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Minnesota’s government is forecast to take $1.5 billion more from the state’s taxpayers than it says it needs. What should it do with that money?

Yesterday, Minnesota Management and Budget released its latest Budget and Economic Forecast. The big news was that, thanks to lower projected spending and higher projected revenues, the state is forecast to have a $1.5 billion surplus for the next two-year budget period (biennium).

As WDIO reports,

The agency projects that the state will have $720 million to roll over into the next budget, and it predicts an additional $824 million surplus for the 2020-2021 budget for a total of $1.54 billion. And it says the state’s budget reserve now totals $2 billion.

Outgoing Gov. Dayton was quick to pat himself on the back, saying that the numbers “show a remarkable recovery from the financial shambles in which I took office eight years ago”. Not all his fellow Democrats got this memo, however. As the Pioneer Press reported,

the forecast does not account for inflation — the inevitable rises in the cost of just about everything — and inflation is projected to amount to nearly $1.2 billion on the state’s anticipated spending.

As a result, incoming House Speaker Melissa Hortman, DFL-Brooklyn Park, argued, “The real surplus is $382 million.”

Not so remarkable.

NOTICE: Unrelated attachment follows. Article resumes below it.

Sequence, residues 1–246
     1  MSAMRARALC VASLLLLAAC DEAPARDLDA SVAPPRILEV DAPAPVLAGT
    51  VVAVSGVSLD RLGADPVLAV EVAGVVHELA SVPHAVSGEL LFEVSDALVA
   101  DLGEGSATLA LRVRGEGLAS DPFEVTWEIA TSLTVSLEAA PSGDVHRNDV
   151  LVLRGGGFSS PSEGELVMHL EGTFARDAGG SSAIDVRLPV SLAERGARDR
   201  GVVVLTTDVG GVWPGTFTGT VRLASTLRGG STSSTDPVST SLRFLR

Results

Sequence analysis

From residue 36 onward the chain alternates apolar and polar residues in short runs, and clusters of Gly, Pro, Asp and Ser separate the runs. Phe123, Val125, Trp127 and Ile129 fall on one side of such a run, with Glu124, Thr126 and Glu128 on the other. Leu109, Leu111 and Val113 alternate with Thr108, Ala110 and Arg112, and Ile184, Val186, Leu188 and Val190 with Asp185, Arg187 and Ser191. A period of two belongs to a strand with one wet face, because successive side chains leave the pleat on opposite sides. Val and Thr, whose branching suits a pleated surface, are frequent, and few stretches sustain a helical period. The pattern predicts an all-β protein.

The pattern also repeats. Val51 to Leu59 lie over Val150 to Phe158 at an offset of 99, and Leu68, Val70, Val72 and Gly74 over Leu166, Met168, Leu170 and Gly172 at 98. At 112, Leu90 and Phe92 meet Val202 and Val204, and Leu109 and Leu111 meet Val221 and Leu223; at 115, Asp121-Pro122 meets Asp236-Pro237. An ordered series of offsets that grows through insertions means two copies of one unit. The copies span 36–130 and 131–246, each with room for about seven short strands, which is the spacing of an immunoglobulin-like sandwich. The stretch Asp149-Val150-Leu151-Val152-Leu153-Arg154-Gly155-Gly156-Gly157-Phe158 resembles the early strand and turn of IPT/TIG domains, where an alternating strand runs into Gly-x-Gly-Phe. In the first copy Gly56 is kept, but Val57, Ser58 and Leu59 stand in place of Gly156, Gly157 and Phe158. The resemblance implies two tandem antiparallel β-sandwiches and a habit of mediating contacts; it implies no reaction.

Its only a forecast, you might think. Indeed, but politicians are rarely wary of spending money they don’t have. And, so, the big question for Minnesota’s legislators in the upcoming session is ‘What to do with all this money?’

Some caution is called for. These are just forecasts, after all, and there are a number of downside risks in the projection. House Speaker-designate Melissa Hortman, D-Brooklyn Park, said “We cannot go into session looking at lots of (new) spending and tax cuts”. Confusingly, she also seemed to support incoming Governor Walz’s proposed gas tax hike, saying

“Governor-elect Walz definitely ran on that and had a conversation with Minnesotans about that topic and he believes it’s a mandate of his election and it’s a fair discussion for us to have”

Given Minnesota’s high taxes, it seems a bit of a stretch to say that there is no room for rates to be cut. But, at the least, this forecast should kill stone dead any notion that tax increases are called for. Department of Revenue data shows that, in real terms, Minnesota’s Total State Tax Collections have risen by 47.5% since 2010. Add this projected surplus, and it is simply unbelievable that the state government cannot find the funds to maintain a core function like roads without tapping the taxpayers up again.

The economist Milton Friedman once said “I am favor of cutting taxes under any circumstances and for any excuse, for any reason, whenever it’s possible.” Let us hope that the reverse doesn’t prove to be true for Minnesota’s legislators.

John Phelan is an economist at the Center of the American Experiment. 

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